By Danielle French



I’ve just finished making a grocery list for the holidays. All the girls are coming home and we love doing some of the cooking and baking together. There are many moving parts to our family holiday eating. Aubrey Rose’s wishes are chocolate and Christmas cookies, Olivia loves pie, Grace loves all things cheese, Carlyle makes the drinks with eggnog and rum and mulled wine always our favourites. Shawn keeps the fires going. As tastes evolve with age, so does our menu. 

This year I thought I will be organized and started a Google Doc that we could share for things to do, food to make, activities and crafts, gift ideas. Annoyingly, no one has used it except me. So I have gone back to pen and paper, making lists and then more lists.  

Family stories

We have a number of traditions, most of them started at the farm when we moved here 12 years ago. For example, we call it Walking of the Goats (not to be confused with my hometown’s – Brattleboro Vermont – tradition of Walking with the Herefords). This activity involves going for a walk with all our dogs, the goats and sometimes the cat on Christmas Eve.  One of the girls reads a short story – not just any but one of Stuart Maclean’s. Even though I am listening to one of my daughters read the story, I hear his voice clearly. Tie it all together with choral music.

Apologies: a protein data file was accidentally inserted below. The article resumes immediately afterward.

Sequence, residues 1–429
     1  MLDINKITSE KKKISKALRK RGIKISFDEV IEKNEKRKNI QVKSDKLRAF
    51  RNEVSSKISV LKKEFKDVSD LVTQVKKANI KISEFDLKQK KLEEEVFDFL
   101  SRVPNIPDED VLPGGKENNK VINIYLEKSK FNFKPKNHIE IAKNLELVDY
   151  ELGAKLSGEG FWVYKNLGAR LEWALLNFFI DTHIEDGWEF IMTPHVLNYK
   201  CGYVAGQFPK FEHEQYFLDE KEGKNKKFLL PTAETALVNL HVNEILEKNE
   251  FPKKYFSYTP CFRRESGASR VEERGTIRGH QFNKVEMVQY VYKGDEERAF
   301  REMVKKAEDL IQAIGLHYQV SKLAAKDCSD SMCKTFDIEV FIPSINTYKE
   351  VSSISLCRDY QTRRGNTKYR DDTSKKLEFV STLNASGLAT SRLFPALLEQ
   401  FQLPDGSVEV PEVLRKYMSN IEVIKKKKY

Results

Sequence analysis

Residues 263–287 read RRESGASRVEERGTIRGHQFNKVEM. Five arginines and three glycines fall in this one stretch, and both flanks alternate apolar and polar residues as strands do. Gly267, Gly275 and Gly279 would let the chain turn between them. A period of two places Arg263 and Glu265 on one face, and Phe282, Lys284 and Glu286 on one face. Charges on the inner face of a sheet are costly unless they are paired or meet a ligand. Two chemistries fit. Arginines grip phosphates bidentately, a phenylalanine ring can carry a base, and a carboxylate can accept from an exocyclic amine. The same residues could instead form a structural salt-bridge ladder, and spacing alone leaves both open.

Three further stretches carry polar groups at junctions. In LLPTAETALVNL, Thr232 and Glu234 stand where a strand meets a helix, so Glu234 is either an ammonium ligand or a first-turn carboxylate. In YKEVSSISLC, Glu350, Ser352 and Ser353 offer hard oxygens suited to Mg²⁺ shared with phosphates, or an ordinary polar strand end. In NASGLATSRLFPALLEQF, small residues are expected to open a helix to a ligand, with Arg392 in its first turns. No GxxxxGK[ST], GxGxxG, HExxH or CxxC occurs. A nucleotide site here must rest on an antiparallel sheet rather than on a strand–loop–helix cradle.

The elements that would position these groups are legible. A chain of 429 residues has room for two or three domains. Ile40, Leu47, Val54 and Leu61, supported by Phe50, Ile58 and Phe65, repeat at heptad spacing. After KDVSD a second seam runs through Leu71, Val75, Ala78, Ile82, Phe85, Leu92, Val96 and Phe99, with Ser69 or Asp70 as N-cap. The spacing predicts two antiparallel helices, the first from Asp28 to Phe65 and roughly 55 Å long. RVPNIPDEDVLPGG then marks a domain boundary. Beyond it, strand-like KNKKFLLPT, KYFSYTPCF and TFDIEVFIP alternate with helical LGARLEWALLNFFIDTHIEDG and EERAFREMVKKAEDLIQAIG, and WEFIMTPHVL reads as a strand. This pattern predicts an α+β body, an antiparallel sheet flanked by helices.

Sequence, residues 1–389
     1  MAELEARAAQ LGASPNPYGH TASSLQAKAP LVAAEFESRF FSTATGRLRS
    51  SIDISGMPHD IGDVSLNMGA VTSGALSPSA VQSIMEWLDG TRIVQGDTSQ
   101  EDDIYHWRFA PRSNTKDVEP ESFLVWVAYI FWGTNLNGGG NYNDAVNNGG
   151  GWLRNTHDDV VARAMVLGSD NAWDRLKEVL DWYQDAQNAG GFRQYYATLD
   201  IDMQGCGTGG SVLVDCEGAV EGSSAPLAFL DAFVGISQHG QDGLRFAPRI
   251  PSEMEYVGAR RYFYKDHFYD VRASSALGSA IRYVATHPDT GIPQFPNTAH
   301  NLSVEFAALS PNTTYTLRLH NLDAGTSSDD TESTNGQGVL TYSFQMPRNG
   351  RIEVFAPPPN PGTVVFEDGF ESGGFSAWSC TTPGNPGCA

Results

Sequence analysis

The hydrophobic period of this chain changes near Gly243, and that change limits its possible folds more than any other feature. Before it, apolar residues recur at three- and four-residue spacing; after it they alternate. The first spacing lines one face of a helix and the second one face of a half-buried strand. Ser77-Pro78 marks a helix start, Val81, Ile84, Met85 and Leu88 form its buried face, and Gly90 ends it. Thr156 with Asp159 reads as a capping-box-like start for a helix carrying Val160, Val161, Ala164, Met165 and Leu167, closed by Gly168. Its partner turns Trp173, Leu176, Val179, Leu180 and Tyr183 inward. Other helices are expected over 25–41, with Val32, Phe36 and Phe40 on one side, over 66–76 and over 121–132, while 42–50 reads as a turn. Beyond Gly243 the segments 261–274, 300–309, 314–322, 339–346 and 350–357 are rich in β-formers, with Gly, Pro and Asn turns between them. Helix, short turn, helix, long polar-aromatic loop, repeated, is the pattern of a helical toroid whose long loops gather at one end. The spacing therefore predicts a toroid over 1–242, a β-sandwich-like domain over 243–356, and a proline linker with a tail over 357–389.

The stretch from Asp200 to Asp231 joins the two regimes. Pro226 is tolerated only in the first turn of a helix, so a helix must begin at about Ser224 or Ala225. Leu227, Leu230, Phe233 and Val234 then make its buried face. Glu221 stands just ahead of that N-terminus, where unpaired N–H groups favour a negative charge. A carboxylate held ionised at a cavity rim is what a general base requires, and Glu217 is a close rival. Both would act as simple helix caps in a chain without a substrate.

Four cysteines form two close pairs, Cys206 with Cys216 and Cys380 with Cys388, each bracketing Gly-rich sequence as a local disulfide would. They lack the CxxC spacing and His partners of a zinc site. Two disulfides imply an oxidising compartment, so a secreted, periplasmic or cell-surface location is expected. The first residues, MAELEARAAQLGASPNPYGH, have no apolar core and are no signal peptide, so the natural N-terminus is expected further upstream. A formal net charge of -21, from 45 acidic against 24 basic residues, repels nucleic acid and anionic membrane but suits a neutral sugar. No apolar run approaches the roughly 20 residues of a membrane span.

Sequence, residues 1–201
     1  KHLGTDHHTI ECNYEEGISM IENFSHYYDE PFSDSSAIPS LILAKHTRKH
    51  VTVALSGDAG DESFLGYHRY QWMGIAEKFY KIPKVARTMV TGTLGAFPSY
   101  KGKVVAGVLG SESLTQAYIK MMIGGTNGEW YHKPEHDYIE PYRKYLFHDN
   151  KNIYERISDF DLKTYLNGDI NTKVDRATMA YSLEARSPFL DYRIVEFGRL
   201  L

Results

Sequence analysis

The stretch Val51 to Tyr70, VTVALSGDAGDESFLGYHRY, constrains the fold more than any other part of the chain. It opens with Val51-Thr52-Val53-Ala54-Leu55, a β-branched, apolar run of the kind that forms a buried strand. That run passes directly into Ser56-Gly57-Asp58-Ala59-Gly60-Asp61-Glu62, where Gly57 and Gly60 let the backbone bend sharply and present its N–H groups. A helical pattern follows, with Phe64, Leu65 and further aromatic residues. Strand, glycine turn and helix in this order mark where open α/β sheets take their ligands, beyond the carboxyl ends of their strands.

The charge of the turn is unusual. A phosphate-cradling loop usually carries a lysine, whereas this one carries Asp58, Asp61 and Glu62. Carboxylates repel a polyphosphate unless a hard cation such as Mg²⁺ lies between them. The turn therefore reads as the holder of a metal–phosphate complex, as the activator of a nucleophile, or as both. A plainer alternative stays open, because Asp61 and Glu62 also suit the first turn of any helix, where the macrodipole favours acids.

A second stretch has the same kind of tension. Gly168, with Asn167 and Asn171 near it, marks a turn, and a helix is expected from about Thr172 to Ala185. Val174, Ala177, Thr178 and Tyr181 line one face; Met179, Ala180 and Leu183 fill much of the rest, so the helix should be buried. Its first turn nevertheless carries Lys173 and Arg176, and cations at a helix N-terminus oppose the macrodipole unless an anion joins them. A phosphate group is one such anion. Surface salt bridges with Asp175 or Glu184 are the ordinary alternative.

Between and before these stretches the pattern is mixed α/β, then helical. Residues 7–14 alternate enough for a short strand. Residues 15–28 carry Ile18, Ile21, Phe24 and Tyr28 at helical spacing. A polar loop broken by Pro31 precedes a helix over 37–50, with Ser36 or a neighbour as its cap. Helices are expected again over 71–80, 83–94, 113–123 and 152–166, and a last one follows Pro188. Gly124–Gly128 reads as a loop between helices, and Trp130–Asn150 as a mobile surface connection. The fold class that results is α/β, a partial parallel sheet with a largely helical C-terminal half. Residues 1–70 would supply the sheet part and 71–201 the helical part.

My German roots are deeply part of my own Christmas celebrations. We always had some sort light supper consisting of cold smoked fish, black bread and cheese, maybe cold meats. When the girls were younger, I added tourtière to the festivities which my Grandmother with her French Canadian roots talked about having when she was a child. They were not part of my Dad’s childhood but an Irish meat pie was. Being a relative newcomer to Canada, I decided that I would start that tradition for our family. I love it and include it on our table every year along with our own pickles and relishes; they are the perfect accompaniment to the holiday tourtière. 


The holidays aren’t always a happy occasion and they are celebrated differently by everyone. No matter the circumstances, I believe that we are all connected to each other. We have much to learn from many diverse traditions. I value this time of year to not only reflect on the past but also to stop and appreciate all that surrounds me. I am grateful for my loved ones, my team, this farm and everything we have created. However you celebrate and whatever tradition is yours, take a moment to simply enjoy the quiet and appreciate your own journey.


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